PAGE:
Möller concludes the chapter on Direct Awareness with the following words:

When the self is not, Life is already full of its own profoundly human qualities. And if we are fortunate, we may sometimes be presented with a sense of what it means to be perfectly and completely overcome with the total Presence of BE-ing. This is a profound and deeply moving experience with intense passion, filled with uncontaminated, pure emotion. It feels as though the Whole of Life is expressing itself in one single moment of living Truth.
During such blessed moments, we are touched so deeply that every part of our being takes on its true revelatory form. During this great Simplicity our emotions are transformed into love, bliss and a tremendous sensitivity of feeling. What is physical becomes the process of Awareness/BE-ing. Thought is translated into Intelligence. Attention merges into its source – Awareness. And what previously presented itself as the ‘I’ is revealed to be the sum-total of all of these, with no one left to notice it.
This Directly Experienced realization is probably best summed up by the words: ‘I am THIS, there is only THIS’.



‘…Once we understand that the path of self-transcendence concerns itself essentially with the recognition and transcendence of everything which places a limitation on our sane, happy and integral relation to life, we may appreciate how important it is to come to terms with our emotional and psychological shadow material. If our interest is to free ourselves from the symptoms of every manifestation of fragmentary living, these require our dedicated and most intimate consideration.
Any residual resistances, whether physical, mental or emotional/psychological which have not been brought into the light of our own awareness, will remain as unconscious potential within us, and will continue to control our lives. The process has to be complete for it to be sustainable and effective…’

On the subject of the role of emotions in the spiritualization of our being:

‘…Most spiritual, religious and mystical paths share one rather unfortunate tendency: they often project human emotions as something inimical to what they propose as a truly spiritual way of life. According to this misconception only unenlightened mortals enjoy their senses and the full expression of their emotional potential, while the spiritual sages have often been described as having gone beyond such human ‘weaknesses’.
This misunderstanding has led to many sincere students believing that they should detach themselves emotionally from the world if they are really serious about self-transcendence or spiritual life. In many cases this has led to the practice of inhibiting and debilitating disciplines where considerable restriction has been placed on the free and open-hearted unfolding of their emotions in the context of both their spiritual practice and everyday life.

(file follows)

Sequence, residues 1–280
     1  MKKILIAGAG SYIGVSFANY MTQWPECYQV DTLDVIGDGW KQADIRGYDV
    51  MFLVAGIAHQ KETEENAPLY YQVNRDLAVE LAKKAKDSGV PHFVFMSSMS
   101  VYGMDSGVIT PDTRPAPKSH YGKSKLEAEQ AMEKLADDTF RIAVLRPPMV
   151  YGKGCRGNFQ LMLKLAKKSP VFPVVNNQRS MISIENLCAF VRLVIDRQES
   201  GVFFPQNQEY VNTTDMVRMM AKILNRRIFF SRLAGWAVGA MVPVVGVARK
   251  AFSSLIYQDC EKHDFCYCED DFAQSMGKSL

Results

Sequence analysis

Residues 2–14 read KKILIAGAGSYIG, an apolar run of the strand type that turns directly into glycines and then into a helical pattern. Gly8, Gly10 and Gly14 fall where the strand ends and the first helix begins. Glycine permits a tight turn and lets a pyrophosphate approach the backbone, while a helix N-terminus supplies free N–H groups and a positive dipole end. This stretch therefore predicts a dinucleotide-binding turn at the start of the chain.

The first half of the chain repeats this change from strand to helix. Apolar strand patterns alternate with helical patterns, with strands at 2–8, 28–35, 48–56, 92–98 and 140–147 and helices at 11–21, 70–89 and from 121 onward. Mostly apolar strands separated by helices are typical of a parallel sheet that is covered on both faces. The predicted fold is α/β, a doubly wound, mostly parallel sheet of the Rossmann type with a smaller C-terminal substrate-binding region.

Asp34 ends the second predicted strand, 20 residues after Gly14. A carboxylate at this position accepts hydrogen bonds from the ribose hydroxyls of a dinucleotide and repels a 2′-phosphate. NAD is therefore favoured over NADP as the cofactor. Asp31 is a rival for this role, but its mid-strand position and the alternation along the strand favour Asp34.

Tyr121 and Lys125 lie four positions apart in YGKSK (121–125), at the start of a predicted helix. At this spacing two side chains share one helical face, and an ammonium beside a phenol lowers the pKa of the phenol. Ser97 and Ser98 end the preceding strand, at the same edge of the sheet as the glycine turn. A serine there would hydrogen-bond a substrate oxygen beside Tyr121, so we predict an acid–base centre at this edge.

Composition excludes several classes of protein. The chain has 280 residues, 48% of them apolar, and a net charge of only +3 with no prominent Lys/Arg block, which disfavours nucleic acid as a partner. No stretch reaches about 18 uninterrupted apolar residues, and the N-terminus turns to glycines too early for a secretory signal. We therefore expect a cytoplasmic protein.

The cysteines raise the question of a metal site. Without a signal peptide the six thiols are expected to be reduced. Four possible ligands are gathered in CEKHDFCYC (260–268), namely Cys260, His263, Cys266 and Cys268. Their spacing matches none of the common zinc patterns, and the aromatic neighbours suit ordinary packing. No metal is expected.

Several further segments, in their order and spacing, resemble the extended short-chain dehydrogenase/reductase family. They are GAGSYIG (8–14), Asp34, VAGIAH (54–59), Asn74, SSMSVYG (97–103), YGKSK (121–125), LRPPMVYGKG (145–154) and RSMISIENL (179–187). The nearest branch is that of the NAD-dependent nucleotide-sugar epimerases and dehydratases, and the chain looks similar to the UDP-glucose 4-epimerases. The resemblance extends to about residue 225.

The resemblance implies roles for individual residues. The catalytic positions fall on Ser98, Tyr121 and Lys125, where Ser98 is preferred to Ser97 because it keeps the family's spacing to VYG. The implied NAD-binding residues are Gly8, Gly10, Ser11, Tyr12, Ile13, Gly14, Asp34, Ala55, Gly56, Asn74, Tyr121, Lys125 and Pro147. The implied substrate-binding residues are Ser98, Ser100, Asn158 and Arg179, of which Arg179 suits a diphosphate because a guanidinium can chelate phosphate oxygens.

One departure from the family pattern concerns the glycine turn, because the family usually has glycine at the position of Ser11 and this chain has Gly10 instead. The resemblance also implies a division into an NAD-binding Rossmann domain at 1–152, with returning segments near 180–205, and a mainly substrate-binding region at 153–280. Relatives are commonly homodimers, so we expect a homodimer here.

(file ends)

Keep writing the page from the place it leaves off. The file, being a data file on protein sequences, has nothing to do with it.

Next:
Spiritual Humanism does not set itself on such a collision-course with our human condition - especially our emotions. It is only when we pursue some presumed Other-worldly or metaphysical ideal that we will be vulnerable to being convinced that every aspect of this world, including our emotions, are necessarily of a lesser order than the world of our Gods or the Great Beyond towards which we are to aspire. Such misconceptions have put spiritual life in direct opposition to the rich soil of human experience from within which alone a free life could flower…’

In a sub-section of this chapter where Möller discusses the appearance of the ego with its inherently problematic nature, we find the following remarks:

‘… The ego-process is always active in a comparative relationship with something other than itself. Its very nature is to be other-dominated, other-defined and other-controlled. It goes through life pretending to others that it is feeling better than it does, or coping better than it knows it actually is. We present to others this ego-mask; a false, other-controlled image of ourselves - an image that prevents us from presenting ourselves as we are, while at the same time minimizing our potential for warm and empathetic human interaction. This keeps us locked into our own self-enclosed emotional wilderness and thereby increasing our sense of loneliness and alienation.

In Chapter Seventeen Möller explains the final process of INTEGRATION.

‘… An interesting and fundamental challenge we now seem to face, is how to allow for the integration into our everyday activities of that which has become true for us as Non-dual, full-bodily BE-ing. This Non-dual experience has to become functional in every aspect of our lives and has to be able to retain its conscious equanimity in the face of the challenges of life. That is, Direct Awareness has to find its measure and living reality in each and every moment of our ordinary lives. Only then will our freedom be complete and sustainable…’

Having given a clear description of the process of Integration, Möller concludes Spirituality Without God with the following words:

‘… And this Great Simplicity of the Wholeness of BE-ing always unfolds as nothing other than a natural expression of our total human condition, where alone resides love, compassion, Intelligence and humaneness…’

~ ~ ~